We made it – we got to Buckingham Palace and all went swimmingly, or flyingly perhaps. It was bizarre, a surreal experience, lifted from everyday into a world of celebrity and aristocracy. Of course Investitures are no more exciting to the armies of Palace staff than, say, organising National Trust tours: the ceremonies run like clockwork, the wheels greased by centuries of expertise, back to the courtly times of ancient monarchs. Now, as then, nervous investees are expected to remember the correct form of address, and walk backwards when leaving the royal presence(s). Your hatted head stays firmly on your shoulders these days if you get it wrong, but the gun-toting police and red-jacketed household guards in spiky helmets are there on duty to remind you that getting things wrong is not a good move.
We climbed into our limo bright and early, revelling in squishy leather upholstery and the free packets of tissues in the side pockets. They obviously knew Him Outdoors wouldn’t have his ManBag (see A Handbag). HO looked suave in his morning suit although never quite working out what to do with the top-hat. I felt elegant in my new dress and jacket which smoothed over some of the more obvious bulges. My hat, a floral and feather-clad flying saucer, was perfect, landed securely on the side of my head after a necessary redesign of its support system: a vigorous breeze soon put it to test but failed to dislodge it. The family all looked fabulous, even with elements of unorthodox dress – viz. a shiny blue suit and a pair of aggressively stripy socks.
The red-carpeted foyer of the Palace is reminiscent of a Grand Theatre but with portraits of royals instead of famous actors; however its castle origins are clear from the shiny metal-clad guards standing to attention like suits of armour. Wandering past various incarnations of Victoria and her family (the children’s pictures have been put up recently for the newest little royals) we reached the ladies’ cloakroom, a palace in itself with chandeliers and cut-glass goblets of cold water to drink. We handed in our mobiles and cameras to be stowed into smart gold carrier-bags. The basement housed an alternative throne room, with wooden-seated toilets on which Victoria herself might have been happy to rest her behind, No icy-breathed hand-driers, but thick serviettes – damp handshakes clearly not encouraged.
We took our seats in the grand ballroom, on raised benches at the side, with an excellent view of the platform and the gallery at the other end where a military string band played selections of classics in a kind of tasteful royal musack. Two massive thrones on the dais stayed empty throughout, unless perhaps invisibly occupied by royal backsides of the past. The main proceedings began with half a dozen silver-haired Yeomen of the Guard, i.e. Beefeaters, marching in at a stately pace; the sombre thumping of a wooden staff from the leader was out of time with a cheery waltz, a strangely Gilbert-and-Sullivan touch. The Princess Royal entered at the head of a small procession and took up position stage left, while the master of ceremonies read the citations from a lectern, stage right. It was a conveyor belt, each candidate walking or sometimes wheeling in, waiting alongside a uniformed official until time to approach the Princess; she hung the decoration onto a special holder on the investee’s jacket, then treated each candidate to industrious conversation. HO was slightly taken aback by her searching enquiries about his work – the Princess had done her homework thoroughly and needed no whispered prompting from a minion. A guide dog escorted one recipient and I hoped to see the Princess pat its head or attach a medal to its collar, but protocol is protocol, even for guide dogs. And all the time the band played on, with their soundtrack from Classic FM. No applause or awkward gaps – rustlings and whispered chatter were masked by the Beatles, Debussy, and even La La Land.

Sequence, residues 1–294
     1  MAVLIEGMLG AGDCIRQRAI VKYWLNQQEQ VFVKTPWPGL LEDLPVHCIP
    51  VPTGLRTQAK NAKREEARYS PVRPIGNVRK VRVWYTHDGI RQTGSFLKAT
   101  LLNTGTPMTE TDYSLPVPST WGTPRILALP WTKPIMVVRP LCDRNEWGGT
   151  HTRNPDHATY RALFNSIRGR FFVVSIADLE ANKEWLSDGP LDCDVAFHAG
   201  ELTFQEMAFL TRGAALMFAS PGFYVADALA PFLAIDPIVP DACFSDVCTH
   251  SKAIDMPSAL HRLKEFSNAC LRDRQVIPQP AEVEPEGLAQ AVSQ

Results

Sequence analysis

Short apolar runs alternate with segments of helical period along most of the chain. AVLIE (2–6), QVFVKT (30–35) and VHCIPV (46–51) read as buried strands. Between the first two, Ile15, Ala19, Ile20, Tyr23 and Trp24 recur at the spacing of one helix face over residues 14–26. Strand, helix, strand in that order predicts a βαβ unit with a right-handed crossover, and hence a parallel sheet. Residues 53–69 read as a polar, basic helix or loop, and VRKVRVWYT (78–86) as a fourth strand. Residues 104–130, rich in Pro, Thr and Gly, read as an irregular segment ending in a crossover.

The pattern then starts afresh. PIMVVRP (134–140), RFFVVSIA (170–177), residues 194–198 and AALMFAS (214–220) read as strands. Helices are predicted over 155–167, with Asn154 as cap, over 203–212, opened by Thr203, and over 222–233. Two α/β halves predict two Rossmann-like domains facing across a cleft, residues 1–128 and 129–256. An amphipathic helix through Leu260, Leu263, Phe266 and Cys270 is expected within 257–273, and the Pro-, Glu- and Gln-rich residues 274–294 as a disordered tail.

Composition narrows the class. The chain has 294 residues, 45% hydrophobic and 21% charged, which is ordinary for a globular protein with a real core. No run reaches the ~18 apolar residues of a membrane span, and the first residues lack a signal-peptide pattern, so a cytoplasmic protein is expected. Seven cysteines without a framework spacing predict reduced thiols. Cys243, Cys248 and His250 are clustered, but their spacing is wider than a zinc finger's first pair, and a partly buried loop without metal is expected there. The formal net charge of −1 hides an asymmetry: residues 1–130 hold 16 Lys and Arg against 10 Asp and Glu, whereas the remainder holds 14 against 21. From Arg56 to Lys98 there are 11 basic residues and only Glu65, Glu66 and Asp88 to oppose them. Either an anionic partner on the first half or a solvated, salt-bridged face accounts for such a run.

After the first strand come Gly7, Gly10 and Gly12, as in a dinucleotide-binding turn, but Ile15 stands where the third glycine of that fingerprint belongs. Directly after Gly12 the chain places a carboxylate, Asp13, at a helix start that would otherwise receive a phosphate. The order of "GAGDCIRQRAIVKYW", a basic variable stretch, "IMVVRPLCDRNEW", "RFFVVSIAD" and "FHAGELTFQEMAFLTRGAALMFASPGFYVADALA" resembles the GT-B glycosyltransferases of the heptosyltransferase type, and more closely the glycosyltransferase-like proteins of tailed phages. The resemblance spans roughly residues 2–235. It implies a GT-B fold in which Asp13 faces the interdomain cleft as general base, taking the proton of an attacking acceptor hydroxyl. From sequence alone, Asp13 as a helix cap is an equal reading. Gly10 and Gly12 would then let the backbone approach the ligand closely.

It was all over in a couple of hours – we collected our gold carrier bags with their Palace logo, and queued under the portico for official photos. By now an icy wind was making itself felt and a few ladies, myself included, were invited back into the warmth of the foyer to wait; we chatted with the staff, friendly, approachable and seemingly people of the ordinary sort, like us. By then the Olympic sporting celebs and famous bods had been whisked away after posing for their press photos.
Back in the limo we set off, warming up on the heated seats and waving regally at camera-wielding spectators outside the palace. An exquisite late lunch followed, in a posh restaurant dining room which would have looked at home in the Palace. The ladies were even provided with small folding stools for their handbags, so we didn’t have to grovel on the floor. Interesting to speculate whether one of HO’s ManBags would have been offered the same privilege. He could probably have requested a little stool for his hat, but that was already ensconced in the cloakroom, possibly with a saucer of cream.
Half-way through the meal a minor disturbance at the other end of the room alerted us to something happening outside. A wire was strung between the tops of the buildings opposite and we watched a man totter back and forth, a tight-rope walker. It turned out that a visiting French circus troupe was rehearsing for a BBC programme, abseiling, bungee jumping and generally flying through the air. It seemed hugely appropriate for the whole day somehow, a reiteration of our brief elevation to the heady heights of the Palace.
And he wasn’t even wearing a hat!